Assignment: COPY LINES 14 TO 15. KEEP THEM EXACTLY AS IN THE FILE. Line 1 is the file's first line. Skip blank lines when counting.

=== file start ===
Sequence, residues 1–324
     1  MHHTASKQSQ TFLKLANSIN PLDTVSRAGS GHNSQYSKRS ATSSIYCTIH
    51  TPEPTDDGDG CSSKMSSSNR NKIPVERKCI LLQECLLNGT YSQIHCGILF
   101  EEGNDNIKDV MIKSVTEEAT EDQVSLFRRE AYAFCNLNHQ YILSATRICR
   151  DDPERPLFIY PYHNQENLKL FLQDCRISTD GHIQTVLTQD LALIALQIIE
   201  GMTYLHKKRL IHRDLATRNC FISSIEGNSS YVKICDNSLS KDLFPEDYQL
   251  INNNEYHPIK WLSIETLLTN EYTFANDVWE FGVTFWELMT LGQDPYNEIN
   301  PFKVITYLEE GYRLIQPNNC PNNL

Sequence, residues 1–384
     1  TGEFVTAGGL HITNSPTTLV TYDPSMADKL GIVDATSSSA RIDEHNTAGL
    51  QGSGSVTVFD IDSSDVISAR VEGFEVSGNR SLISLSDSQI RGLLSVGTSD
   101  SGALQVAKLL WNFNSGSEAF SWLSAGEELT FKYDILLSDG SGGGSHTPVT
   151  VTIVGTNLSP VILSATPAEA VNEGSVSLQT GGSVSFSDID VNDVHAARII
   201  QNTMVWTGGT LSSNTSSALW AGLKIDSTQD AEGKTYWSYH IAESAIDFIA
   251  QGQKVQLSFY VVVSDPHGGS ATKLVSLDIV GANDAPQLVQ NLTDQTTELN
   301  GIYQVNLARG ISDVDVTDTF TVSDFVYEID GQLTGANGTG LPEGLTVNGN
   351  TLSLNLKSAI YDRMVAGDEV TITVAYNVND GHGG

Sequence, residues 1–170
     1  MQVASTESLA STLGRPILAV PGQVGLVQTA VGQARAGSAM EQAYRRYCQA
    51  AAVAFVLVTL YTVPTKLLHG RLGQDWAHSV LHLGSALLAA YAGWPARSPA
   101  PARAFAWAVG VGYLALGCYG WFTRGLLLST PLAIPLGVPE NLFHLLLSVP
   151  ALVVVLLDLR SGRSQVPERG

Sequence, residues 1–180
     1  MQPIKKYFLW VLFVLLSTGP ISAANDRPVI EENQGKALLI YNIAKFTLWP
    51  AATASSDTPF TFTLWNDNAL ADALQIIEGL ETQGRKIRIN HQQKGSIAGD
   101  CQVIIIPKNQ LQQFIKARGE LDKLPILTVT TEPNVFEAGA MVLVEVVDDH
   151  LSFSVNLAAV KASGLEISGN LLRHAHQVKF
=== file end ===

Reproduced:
   201  QNTMVWTGGT LSSNTSSALW AGLKIDSTQD AEGKTYWSYH IAESAIDFIA
   251  QGQKVQLSFY VVVSDPHGGS ATKLVSLDIV GANDAPQLVQ NLTDQTTELN